This journey actually started earlier than Nevada as I decided to add turkeys to the above traditional upland list.  Technically, turkeys are also considered an upland bird, and there is no better conservation success story than that of the wild turkeys across North America.  This spring, I started off in Florida for Osceola, then moved to the jungles of Campeche for Ocellated. Then it was on to west Texas for Rios, southwest Nebraska for Merriam’s and Sonora Mexico for Gould’s. I finished up taking an Eastern both in Kentucky and in my home state of Michigan. These different habitats that our wild turkeys call home are amazing; the different species have been able to adapt well to the changes in their habitat.  Unfortunately, that isn’t the case for all upland species. We will tell each of these stories throughout our trips this fall and into early winter.  

With us in the field this fall, will be four of our other family members, our Brittany Spaniels.  Yes, our dogs are more family members than everyday working upland dogs. They have limited experience outside of the Midwest, so there will be many new experiences and challenges, not only for Dad and me, but also for our dogs.  Each dog, much like children, has their own personality. Arrow is usually found by my side, all day long, when I am at home. He is a head strong male, with a great nose, but has ranging issues from time to time. Tiny is a litter mate to Arrow, and she is my Dad’s constant companion.  If Dad is getting the mail, Tiny is riding shotgun. Tiny fits her name as she is on the smaller side but is extremely well behaved and has a good nose. As the runt of the litter, she has always been on the timid side. Missy, is just under two years old, has a good nose, is close working, but she is not a hard charger.  Our 4th Brittany is Shooter.  There isn’t a hunter in the world who wouldn’t want Shooter working in front of him as he is everything that a bird hunter wants in a great dog.  He has an excellent nose, understands the hunt game and has a motor that doesn’t stop.  


Since I began to tell everyone about this upland journey and the goal of the series, we have been overwhelmed with support, not only from friends and family, but also by partners in the industry who have been looking for something like this that is new and different.  I’m excited to have these partners join us on our upland journey.  

As I am sitting here in my air conditioned home writing, three weeks before we start our journey, it is easy for me to say that I have everything planned out.  I have backups to each original location in case something unfortunate happens and we just can’t find the birds. However, we all know that is not how hunting and travel work.  There will be ups and downs along the way for us, and our dogs. What I can say is that we will give it our ALL to make this story come together. As a hunter, I am proud to be on the front lines of conservation, not only for the big game species, but also for our feathered game birds.  Hunters need to stick together to preserve our hunting heritage.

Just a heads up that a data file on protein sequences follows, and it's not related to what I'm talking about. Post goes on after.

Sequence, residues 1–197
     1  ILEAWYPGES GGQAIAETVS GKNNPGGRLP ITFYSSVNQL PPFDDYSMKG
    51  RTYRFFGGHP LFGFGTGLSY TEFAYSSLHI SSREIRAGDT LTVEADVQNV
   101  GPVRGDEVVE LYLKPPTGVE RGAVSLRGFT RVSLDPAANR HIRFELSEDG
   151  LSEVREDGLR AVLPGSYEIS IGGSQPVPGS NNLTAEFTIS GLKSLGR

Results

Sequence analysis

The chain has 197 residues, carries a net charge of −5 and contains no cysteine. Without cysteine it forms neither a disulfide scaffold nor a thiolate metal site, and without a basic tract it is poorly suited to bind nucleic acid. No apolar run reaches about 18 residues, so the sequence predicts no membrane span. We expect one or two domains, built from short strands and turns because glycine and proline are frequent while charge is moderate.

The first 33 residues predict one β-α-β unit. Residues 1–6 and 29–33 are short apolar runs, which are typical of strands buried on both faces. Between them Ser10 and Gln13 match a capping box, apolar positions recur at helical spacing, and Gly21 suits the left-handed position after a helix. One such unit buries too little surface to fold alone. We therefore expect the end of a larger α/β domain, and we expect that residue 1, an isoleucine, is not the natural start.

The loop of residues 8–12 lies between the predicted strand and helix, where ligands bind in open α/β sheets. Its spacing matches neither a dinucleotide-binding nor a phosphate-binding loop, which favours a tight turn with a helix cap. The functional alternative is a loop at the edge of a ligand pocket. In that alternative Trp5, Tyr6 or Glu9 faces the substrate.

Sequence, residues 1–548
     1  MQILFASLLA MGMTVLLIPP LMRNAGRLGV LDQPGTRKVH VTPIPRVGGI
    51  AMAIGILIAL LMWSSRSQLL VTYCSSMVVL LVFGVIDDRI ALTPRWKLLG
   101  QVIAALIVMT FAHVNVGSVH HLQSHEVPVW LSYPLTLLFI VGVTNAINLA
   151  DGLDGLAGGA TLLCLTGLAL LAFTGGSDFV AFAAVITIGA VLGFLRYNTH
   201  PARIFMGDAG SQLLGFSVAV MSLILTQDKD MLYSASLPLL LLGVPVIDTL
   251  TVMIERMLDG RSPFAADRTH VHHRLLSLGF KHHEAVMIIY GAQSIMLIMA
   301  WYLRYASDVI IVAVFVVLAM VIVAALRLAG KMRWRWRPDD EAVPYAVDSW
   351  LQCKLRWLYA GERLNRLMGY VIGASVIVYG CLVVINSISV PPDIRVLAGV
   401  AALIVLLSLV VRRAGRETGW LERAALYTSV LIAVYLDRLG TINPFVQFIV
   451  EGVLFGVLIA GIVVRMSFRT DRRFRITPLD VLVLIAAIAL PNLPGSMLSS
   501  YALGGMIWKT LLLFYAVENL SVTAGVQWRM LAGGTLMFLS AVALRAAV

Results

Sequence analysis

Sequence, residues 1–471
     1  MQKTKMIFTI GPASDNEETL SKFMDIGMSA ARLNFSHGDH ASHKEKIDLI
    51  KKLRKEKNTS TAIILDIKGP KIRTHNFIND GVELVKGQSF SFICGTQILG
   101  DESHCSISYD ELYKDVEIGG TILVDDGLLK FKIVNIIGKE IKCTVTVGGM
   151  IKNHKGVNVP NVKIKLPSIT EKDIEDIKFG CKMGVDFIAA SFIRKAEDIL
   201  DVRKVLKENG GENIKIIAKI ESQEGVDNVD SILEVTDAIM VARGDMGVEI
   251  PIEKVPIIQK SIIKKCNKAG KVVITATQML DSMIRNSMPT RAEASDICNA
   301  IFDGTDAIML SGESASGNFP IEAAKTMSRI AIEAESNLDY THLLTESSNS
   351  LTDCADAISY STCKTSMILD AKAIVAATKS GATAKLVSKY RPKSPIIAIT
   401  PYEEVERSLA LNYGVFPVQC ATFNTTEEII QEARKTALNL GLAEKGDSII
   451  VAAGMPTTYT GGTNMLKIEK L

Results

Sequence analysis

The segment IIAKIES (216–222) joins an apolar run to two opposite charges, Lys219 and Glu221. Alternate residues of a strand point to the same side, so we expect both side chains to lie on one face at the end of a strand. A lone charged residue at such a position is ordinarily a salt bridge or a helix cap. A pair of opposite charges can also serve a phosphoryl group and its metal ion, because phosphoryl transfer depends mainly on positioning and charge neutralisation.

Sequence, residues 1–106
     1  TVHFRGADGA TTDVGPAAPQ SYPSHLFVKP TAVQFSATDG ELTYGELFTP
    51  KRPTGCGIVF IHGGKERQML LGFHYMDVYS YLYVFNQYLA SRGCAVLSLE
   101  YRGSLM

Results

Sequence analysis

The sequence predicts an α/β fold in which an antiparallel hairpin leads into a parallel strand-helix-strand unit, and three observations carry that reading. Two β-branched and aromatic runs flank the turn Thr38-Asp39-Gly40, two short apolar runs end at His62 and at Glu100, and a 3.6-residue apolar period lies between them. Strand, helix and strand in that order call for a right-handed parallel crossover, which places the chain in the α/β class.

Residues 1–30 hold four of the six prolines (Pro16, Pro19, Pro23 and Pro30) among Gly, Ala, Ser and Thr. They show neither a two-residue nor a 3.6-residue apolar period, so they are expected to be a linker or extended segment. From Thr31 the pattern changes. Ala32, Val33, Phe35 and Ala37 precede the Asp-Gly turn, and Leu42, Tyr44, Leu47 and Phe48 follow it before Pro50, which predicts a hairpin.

“The Journey Within, A Bird Hunter’s Diary” will start out with a bang, by attempting the upland slam on camera, something that has yet to be done.  Next year, our encore will be just as challenging. In season two, we will switch gears and go after the North American waterfowl slam in a single season while telling the message of hunting in the conservation of our waterfowl species and the habitat that they call home.  Dad and I will be on the road quite a lot over the next couple of years. If you see us, say “Hi”. We might look tired, but I can guarantee you, there will be a smile on our faces.  

Upland Species

  1. Ruffed Grouse
  2. Spruce Grouse
  3. Dusky Blue Grouse
  4. Sooty Blue Grouse
  5. Willow Ptarmigan 
  6. Rock ptarmigan
  7. White- tailed ptarmigan
  8. Sage Grouse
  9. Sharptailed Grouse
  10. Greater prairie chicken
  11. Pheasant
  12. Hungarian Partridge
  13. Chucker
  14. Himalayan Snowcock
  15. Northern Bobwhite Quail
  16. California Quail/ Valley Quail
  17. Mountain Quail
  18. Gamble’s quail
  19. blue quail/ Scaled Quail
  20. Montezuma/ Mearns Quail
  21. Woodcock
  22. Morning Dove
  23. Common Snipe
  24. Elegant Quail
  25. White-winged dove
  26. Inca Dove
  27. Eurasian dove/ Ring-necked dove


  1. Eastern
  2. Rio
  3. Merriam
  4. Osceola
  5. Gould’s
  6. Ocellated


  1. Pheasant
  2. Kalij Pheasant 
  3. Blue Pheasant 
  4. Black Francolin
  5. Grey Francolin
  6. Erckel’s Francolin
  7. Barred Dove
  8. Spotted Dove
  9. California Quail 
  10. Japanese Quail
  11. Sand Grouse